The man runs from his old home. ‘Zemel’ echoes in the streets and the crowded minarets. ‘Zemel’ echoes in his shadow. Out here, the man is nothing. The young shabab snicker and hiss and smooch the air as he passes. They know his secret. They all know. Out here, the man is Fatima. His white qamees is a virgin’s gown, and he is game to be spoiled when no one’s around. They crowd around him like laughing clowns, their sadistic grimaces stretched across their faces like cellophane. Out here, the darkness is so thick it can be worn. The trees crown above them, their gnarled branches clawing at the sky, grotesque beasts dancing in the pallid moonlight. The man gapes upward, the naked stars before him, the moon in a distant cosmic milk somewhere in the realm of the divine. He cries but no one hears him. Out here, no one hears him. Out here, everyone is blind. ‘Fatima is beautiful.’ ‘Fatima is divine.’ ‘Fatima is mine.’ They circle around him like beasts around their pray. The man weeps, the man prays, the man clamors for his God he invokes five times a day. Out here, God is blind. They drag the man deeper into the trees, deeper into the park under the shadow of the crescent. The man mourns his corporeal soul, deflowered and defiled by the hypocrisy of Man. They throw him on to the ground. They swarm from every direction, sifting through the trees like snarling insects. Out here the man is convicted, out here the man sees trial, out here the man is sacrificed. After they all get their fill, they leave him, his clothes cast aside like ragged blankets, his eyes fixed blankly on the final holy moon of Ramadan. Who hears his cries for salvation? Who dries the tears he weeps? Who calls for justice against the men who ensnare him? If not the trees, if not the looming minarets, if not the moon innocent in its complacency— then who? Who shall tell the story of the man when no one listens? Who shall weep for him? No, nothing stirs this late at night, not even the slightest sliver of light. The shadow crawls along the dimly lit sidewalk of Avenue Mohamed V. Tears as black as ink stream from its gaping eyes. The shadow weaves its way through the winding streets to the cobbled stones where the beggar woman is slouched over like a sack of couscous. ‘Alms,’ the shadow cries, ‘alms for the love of God.’ The loose scarf is wound tightly around her head. She cannot hear the shadow. She sleeps gently in the night, the silver coin deposited neatly in the folds of black cloth on her hair. The shadow creeps onward as dark as night, back into the place where it came from, back to where the man resides in the turbulent citadel of his dreams, back to where man meets shadow. In there, the man is known as habibi. In there, the man is loved. In there, the man returns each night from the nightmares outside to rest once more with the one man who listens, to the one man who dries his tears. In there, they can be lovers. In there, God can see.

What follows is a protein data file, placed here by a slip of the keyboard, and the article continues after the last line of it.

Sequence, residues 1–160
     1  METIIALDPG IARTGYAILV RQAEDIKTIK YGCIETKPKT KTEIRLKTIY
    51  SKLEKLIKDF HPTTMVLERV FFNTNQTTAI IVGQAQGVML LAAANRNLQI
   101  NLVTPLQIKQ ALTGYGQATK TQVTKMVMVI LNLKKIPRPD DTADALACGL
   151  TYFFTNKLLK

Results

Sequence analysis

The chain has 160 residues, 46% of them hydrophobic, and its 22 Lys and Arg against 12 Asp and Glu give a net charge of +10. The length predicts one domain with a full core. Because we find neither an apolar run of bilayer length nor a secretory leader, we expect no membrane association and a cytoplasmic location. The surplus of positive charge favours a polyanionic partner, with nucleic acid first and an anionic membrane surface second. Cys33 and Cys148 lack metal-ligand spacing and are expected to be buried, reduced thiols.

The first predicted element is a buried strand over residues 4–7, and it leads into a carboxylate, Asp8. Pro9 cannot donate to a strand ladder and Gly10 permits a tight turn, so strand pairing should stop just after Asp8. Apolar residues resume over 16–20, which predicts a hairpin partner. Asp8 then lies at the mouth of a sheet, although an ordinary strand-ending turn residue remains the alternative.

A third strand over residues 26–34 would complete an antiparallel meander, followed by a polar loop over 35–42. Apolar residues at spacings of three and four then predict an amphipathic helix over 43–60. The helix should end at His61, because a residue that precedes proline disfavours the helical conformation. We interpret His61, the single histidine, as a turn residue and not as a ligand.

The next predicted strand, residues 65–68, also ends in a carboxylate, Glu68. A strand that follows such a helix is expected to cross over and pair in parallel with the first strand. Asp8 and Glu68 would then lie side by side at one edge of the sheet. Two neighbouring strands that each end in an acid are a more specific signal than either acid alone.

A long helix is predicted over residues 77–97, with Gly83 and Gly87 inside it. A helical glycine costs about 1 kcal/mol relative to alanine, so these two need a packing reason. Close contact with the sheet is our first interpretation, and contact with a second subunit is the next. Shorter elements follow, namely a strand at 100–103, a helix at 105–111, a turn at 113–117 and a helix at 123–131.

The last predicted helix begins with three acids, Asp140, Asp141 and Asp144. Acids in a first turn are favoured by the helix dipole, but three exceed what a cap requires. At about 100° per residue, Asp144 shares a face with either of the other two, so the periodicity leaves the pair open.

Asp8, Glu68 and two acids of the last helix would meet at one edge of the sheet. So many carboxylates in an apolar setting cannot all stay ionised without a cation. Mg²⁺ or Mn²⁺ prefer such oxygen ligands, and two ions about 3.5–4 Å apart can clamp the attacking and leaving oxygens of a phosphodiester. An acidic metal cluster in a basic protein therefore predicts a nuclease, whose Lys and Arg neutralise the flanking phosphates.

Adhan: Muslim Call to Prayer
Allahu Akbar: God is Greater
Jami': Large Mosque
Isha': Night Prayer
Zemel: Offensive Term for Queer Man
Iftar: Meal to Break Fast During Ramadan
'Oud: Arabic Lute
Shebakia: A Sweet, Moroccan Pastry Made of Sesame Seed
Shabab: Young Men
Qamees: Religious Shirt Worn to Mosque by Men in Morocco
Habibi: My Lover/My Dear